Terry Butcher cannot claim to be taken aback by his departure from Hibernian.
A club that has churned through 10 managers in 16 years is no place to seek job security, but Butcher could not even seek protection in results.
Relegation to the Championship seemed inevitable as Hibs were suffering through the final 13 games of the Premiership season without a win. Defeating Hamilton Academical in the first leg of the play-off ought to have restored the team's sense of belief, but it turned out to be a brief aberration.
The mood of pessimism and the lack of character were still firmly in place as Hamilton won the second leg, at Easter Road, then secured their promotion in a penalty shoot-out.
The Hibs fans had long railed against the chairmanship of Rod Petrie, but when they gathered outside the ground after relegation was confirmed, they also chanted for Butcher's removal.
He had already appeared a doomed figure. Following a 2-0 defeat away to 10-man St Mirren in April, Butcher clutched a DVD of the match footage while admitting he did not know why the team was performing so poorly.
The former England captain was appointed to resurrect the Edinburgh club, but instead he managed only to further diminish it. His predecessor Pat Fenlon had struggled to deliver consistency or bond with the Easter Road fans, and Butcher turned out to be incapable of turning the team's fortunes around.
That was not wholly unexpected because there was little meaningful activity in the January transfer window, but even so it was reasonable to assume that Butcher could guide a squad of decent - if disaffected - players out of trouble.
There had been an attempt to instil a revolution, since Butcher informed a number of players that they could find new clubs, but it was a measure of his misjudgements that he later turned to some of those men to try to halt the team's slide.
His own regrets might dwell on the decision to leave Inverness Caledonian Thistle, a stable club where Butcher had steadily built an impressive side while living in a community he found pleasant and welcoming. Turmoil has seldom left Easter Road in peace for long in recent years, but every manager believes that they can turn round a hopeless cause.
Hibs fans will find solace in the decision to relieve Butcher of his duties, because it suggests a level of dynamism and calculated decision-making within a club that has often seemed moribund. Nonetheless, that action alone will not placate the group of fans who are campaigning for Petrie's removal.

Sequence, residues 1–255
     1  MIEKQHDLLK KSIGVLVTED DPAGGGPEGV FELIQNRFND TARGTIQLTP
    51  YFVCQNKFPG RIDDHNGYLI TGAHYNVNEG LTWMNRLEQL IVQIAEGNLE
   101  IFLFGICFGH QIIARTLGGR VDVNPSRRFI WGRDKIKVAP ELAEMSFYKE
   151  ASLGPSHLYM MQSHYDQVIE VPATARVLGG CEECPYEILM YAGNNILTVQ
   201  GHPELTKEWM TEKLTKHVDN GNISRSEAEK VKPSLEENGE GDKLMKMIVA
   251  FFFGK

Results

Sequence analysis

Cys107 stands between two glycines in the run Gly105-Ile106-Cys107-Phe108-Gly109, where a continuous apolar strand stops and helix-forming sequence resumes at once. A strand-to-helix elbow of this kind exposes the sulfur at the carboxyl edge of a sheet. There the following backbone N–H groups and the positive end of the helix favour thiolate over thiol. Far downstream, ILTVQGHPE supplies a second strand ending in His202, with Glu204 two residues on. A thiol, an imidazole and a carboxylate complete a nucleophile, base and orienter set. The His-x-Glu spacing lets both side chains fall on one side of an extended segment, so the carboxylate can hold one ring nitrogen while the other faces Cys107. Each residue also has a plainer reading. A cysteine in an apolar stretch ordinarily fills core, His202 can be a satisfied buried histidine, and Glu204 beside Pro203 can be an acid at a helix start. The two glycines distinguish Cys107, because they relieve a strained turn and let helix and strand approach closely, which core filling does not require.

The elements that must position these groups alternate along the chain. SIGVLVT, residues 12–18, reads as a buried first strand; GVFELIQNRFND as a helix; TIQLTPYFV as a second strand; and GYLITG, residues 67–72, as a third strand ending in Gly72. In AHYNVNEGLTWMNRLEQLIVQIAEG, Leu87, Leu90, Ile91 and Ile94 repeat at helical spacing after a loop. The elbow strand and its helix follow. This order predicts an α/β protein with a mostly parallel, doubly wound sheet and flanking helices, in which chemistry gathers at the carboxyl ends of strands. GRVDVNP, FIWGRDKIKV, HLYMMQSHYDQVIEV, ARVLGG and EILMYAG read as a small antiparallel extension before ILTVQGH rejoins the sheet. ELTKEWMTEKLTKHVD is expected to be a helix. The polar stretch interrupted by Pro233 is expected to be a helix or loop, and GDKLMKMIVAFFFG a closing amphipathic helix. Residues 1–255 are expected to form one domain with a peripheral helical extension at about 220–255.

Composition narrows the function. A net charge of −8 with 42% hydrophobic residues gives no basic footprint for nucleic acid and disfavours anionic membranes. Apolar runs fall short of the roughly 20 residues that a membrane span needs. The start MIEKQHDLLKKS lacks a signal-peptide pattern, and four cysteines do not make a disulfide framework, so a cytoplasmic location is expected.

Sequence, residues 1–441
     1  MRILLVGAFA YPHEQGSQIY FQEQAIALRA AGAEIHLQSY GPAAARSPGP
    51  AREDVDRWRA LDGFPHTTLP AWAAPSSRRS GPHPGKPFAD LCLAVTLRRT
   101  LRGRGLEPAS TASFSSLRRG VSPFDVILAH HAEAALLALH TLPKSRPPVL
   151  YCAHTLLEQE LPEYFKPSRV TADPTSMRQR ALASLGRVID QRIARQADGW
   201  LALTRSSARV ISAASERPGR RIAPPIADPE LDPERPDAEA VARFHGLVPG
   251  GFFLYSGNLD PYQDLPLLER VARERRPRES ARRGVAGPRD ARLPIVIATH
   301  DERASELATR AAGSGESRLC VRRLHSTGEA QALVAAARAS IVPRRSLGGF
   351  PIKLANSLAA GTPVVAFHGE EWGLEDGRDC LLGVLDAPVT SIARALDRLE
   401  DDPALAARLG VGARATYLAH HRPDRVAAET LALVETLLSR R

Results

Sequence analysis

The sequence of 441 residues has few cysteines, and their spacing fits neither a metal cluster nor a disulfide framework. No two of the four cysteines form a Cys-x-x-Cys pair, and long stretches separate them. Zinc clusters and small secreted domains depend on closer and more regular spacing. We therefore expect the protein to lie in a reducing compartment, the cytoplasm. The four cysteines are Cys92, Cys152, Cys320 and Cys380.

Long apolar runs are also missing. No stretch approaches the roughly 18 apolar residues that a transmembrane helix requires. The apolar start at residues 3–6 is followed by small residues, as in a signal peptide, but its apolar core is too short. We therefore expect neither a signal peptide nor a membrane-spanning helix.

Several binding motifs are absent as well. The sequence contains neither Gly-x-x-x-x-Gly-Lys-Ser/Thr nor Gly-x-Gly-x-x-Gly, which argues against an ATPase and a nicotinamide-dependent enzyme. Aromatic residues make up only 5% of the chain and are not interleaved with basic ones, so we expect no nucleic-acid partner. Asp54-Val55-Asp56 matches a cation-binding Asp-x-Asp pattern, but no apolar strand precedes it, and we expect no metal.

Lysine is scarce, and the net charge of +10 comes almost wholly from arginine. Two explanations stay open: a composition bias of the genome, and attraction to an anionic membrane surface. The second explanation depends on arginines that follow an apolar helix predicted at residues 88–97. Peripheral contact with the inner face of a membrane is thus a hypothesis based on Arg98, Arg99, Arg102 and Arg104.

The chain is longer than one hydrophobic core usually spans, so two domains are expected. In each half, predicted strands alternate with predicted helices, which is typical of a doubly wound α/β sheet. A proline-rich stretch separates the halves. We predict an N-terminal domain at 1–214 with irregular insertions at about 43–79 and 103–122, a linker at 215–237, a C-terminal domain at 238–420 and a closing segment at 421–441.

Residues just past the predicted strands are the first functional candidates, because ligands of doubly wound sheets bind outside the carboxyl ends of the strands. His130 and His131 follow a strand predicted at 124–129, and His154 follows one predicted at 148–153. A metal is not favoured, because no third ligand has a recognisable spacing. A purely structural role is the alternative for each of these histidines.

The chairman insists that he has handed over his executive duties to new chief executive, Leeann Dempster, and this will be the first test of that assertion. Petrie has a reputation for micro-managing all aspects of Hibs' business - which is partly at the root of the fans' bid to oust him - and Dempster will want the autonomy she has been promised.
Stuart McCall worked effectively with Dempster at Motherwell but, while Hibs can claim to be a bigger club in terms of budget and fan base, that advantage is diminished significantly while the team is in the Championship.
The club once flourished in that division as Alex McLeish led them back up to the top flight with a side that contained Russell Latapy and Franck Sauzee, but these are different circumstances.
McCall might feel that he has taken Motherwell as far as he can, particularly when his budget is decreased each year and the board has given the local community an ultimatum about needing to increase financial backing if they intend to support a fan ownership model.
Even so, it would be a drastic turn of events if McCall was to leave a club that finished second in the Premiership and has European fixtures to look forward to for a club that faces a challenging task to escape the second tier when Rangers and Hearts will also be vying for promotion.
Ian Murray already has experience of that division, having impressed with his marshalling of Dumbarton's meagre resources. If Hibs intend to establish new foundations to serve its rebuilding process, then a young manager with potential, and an emotional connection to the club given his background, then the former captain would be a contender.
The selection process will occur against a backdrop of agitation but a campaign against Petrie will hardly be enough to dissuade potential candidates - Hibs are relatively stable financially.
However, there remains the feeling of a club that is still reeling from its circumstances. There may have been little resistance to the decision to dispense with Butcher, but also no sense that all of the concerns have now been dealt with.
Hibs need a fresh vision, a well-thought out and sustainably resourced strategy, and a hierarchy that the majority of the supporters are prepared to back. Butcher's results were the strongest condemnation of the decisions that he made at Easter Road, but the club's failure to fulfil its potential is a reflection of other decision-makers.
If Hibs are to recover, Dempster needs to grasp, and be allowed to use, the authority that this moment has provided.